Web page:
BOWLING GREEN STATE UNIVERSITY


Sustainable food systems topic of conference

Locally grown food. That's what area farmers, restaurant owners, food processors, public health officials, educators and others will be talking about—and tasting—at the inaugural Local Food Works Conference on Saturday (Nov. 12).

To be held in downtown Toledo, the conference will bring together people from every aspect of the food industry to network and, it is hoped, lay the foundation for a community-wide process for overcoming barriers to a sustainable, regional food system. Sessions will take place from 9 a.m. to 4:30 p.m. at the McMaster Family Center in the Lucas County Public Library, located at 324 N. Michigan St.

Keynoting the program will be former professional basketball player Will Allen, who now is an organic farmer, entrepreneur in Milwaukee and advocate of local food networks and sustainable food systems.

The Toledo conference is thought to be the first area effort to bring more locally grown food to the table.

"Food forms the foundation of our regional culture, just as it does cultures around the world. The word 'culture' comes from the Latin root for 'cultivate,'" points out Michael Szuberla, coordinator of Toledo GROWs, an outreach program of the Toledo Botanical Garden. Szuberla; Dr. Holly Myers-Jones, director of BGSU Environmental Programs, and her students have initiated the conference with a BGSU Partnerships for Community Action grant.

One survey cited by Myers-Jones and Szuberla found that Ohioans spend 13.7 percent of their household budgets on food. "Most of that (money) doesn't stay here. Retaining those billions of dollars in the region is an economic development challenge worth exploring," Szuberla said.

On the conference agenda will be discussions about new infrastructures to support locally based food systems, opportunities for farmers to enhance business growth by filling specialized niches, key challenges confronting the food system, agricultural tourism and forging networks between "farms and fork."

"Basically we want to look for avenues to keep farmers on farms and promote the healthy benefits of locally grown foods," Myers-Jones said.

"Making our food production more sustainable can lead to economic development and revitalization," according to the BGSU faculty member. "Our national food production and distribution systems are linked to many issues that people may not realize are connected," she said, adding that "food is water; food is petroleum. There are also food security and agricultural environmental issues that community-supported agriculture could help to address."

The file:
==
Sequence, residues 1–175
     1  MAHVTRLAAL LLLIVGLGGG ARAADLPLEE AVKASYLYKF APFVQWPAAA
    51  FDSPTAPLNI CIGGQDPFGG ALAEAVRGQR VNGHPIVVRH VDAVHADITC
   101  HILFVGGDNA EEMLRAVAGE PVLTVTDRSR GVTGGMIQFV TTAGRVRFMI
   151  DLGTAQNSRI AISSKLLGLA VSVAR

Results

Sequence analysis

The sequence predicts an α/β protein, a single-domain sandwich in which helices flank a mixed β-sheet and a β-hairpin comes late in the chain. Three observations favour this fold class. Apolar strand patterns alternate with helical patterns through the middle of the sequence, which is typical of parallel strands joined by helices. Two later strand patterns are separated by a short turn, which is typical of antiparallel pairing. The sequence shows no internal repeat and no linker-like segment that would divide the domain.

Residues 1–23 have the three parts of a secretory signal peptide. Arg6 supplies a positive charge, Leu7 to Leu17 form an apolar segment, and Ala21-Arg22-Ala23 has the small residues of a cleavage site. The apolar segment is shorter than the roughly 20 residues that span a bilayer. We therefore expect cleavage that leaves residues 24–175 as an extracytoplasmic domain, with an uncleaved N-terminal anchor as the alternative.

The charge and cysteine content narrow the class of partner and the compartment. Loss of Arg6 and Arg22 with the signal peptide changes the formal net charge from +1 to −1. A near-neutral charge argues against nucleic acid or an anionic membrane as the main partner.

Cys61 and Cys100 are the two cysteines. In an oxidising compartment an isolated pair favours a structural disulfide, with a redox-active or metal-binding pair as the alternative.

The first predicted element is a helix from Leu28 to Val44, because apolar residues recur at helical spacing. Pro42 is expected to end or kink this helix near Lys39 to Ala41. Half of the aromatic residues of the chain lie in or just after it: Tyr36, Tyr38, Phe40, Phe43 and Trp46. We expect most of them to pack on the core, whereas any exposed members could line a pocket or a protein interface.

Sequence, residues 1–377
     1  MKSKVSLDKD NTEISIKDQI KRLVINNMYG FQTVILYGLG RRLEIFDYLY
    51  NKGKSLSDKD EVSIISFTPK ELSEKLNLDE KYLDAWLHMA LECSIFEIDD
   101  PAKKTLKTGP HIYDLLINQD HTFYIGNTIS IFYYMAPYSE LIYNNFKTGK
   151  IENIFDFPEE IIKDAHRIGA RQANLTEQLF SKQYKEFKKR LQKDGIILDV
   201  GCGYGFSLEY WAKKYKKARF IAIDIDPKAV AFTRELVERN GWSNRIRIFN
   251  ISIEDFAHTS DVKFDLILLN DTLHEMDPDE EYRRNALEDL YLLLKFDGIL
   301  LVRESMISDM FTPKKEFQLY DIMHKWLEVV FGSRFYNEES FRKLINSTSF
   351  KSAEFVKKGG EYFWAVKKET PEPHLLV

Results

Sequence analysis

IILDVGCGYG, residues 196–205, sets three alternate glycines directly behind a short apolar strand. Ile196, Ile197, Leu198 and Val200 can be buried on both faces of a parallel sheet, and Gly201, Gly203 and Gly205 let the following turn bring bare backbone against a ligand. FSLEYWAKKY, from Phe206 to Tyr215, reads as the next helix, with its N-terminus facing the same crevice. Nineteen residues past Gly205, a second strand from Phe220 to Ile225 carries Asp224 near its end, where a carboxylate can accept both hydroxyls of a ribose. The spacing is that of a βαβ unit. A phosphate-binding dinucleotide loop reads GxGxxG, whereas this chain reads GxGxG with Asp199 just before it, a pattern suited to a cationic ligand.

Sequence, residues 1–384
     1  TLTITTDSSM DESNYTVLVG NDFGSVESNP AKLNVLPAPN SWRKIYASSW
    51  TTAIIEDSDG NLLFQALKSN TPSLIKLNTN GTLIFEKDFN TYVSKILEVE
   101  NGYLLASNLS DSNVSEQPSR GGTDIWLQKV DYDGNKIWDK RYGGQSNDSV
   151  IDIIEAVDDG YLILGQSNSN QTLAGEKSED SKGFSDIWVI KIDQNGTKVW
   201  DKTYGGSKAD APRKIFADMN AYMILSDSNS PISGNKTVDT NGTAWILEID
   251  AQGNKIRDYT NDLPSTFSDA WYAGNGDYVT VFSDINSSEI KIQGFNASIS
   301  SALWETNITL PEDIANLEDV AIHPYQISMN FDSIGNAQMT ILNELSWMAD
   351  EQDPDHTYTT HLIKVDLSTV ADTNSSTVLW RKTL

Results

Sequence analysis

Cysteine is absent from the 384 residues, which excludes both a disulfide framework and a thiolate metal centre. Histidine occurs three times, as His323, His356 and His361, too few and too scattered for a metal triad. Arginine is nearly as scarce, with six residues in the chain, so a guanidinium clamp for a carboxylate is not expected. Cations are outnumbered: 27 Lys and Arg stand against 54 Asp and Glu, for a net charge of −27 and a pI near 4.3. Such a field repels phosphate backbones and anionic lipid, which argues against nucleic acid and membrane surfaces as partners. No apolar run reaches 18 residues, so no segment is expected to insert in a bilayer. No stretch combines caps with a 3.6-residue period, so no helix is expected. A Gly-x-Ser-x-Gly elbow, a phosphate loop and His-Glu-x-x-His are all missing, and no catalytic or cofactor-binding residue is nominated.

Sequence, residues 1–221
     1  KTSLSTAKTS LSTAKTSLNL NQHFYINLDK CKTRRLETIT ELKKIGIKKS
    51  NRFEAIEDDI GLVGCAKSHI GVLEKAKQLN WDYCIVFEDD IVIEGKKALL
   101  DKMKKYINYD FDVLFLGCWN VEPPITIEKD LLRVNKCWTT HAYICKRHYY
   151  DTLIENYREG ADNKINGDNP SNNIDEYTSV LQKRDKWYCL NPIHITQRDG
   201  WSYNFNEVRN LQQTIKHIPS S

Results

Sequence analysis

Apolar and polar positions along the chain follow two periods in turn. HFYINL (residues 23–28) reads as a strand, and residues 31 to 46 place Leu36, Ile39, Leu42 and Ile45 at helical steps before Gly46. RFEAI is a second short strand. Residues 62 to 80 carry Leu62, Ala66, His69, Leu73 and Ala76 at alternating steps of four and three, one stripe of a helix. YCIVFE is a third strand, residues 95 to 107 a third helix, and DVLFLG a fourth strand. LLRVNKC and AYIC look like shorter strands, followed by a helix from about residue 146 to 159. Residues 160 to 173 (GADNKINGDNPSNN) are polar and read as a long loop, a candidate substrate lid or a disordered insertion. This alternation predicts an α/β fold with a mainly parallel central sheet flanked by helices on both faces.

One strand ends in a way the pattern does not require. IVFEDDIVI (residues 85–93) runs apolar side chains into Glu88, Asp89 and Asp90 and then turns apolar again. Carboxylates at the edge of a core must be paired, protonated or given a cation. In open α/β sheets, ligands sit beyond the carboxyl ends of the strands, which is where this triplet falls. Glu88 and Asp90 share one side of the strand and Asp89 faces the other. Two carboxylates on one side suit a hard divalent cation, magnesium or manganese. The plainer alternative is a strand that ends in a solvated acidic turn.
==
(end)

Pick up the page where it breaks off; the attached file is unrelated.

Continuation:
In addition to BGSU and Toledo GROWS, conference sponsors include the Lake Erie West Foodshed Network, a citizens' group working to influence public policy on agriculture and food issues, and Innovative Farmers of Ohio, a family-farm network that focuses on sustainable agriculture.

Sign-in at the conference begins at 8:30 a.m. The first in a series of concurrent sessions will be held from 9:30-11 a.m., followed at 11:15 a.m. by Allen's keynote address.

Allen, one of seven children in a Maryland farming family, played professional basketball for a time before accepting a job in marketing. After 10 years of corporate life, he bought a farm in 1982. The farm now produces more than 100,000 pounds of chemical-free vegetables yearly. Allen is also co-director of Growing Power, a nonprofit group dedicated to the promotion of fresh, healthy produce.

More breakout sessions will be held throughout the afternoon. Scheduled speakers include Amy Bodiker, former executive director of the Chef's Collaborative, a 1,000-member national network that promotes sustainable cuisine through local, seasonal and traditional cooking; Todd Wickstrom, a member of the Slow Food International board of directors and co-founder of Heritage Foods, a business dedicated to helping farmers market artisanal foods, and Ashley Atkinson from The Greening in Detroit.

The program will conclude with a reception from 4:30-8:30 p.m. at Diva Restaurant, 329 N. Huron St. The reception will feature a menu of locally grown foods, such as Amish cheeses, Lake Erie walleye, free-range beer-can chicken and sweet potato biscuits.

Those interested in attending are encouraged to register in advance. The cost of the conference alone, including lunch, is $15. The fee to attend both the reception and conference is $35. The fee to attend only the reception is $30.

Reservations for the reception must be made by Thursday (Nov. 10).

Students and others may qualify for reduced fees to attend. For more details, see  www.lewfn.org or call Szuberla at 419-936-2986.

November 7, 2005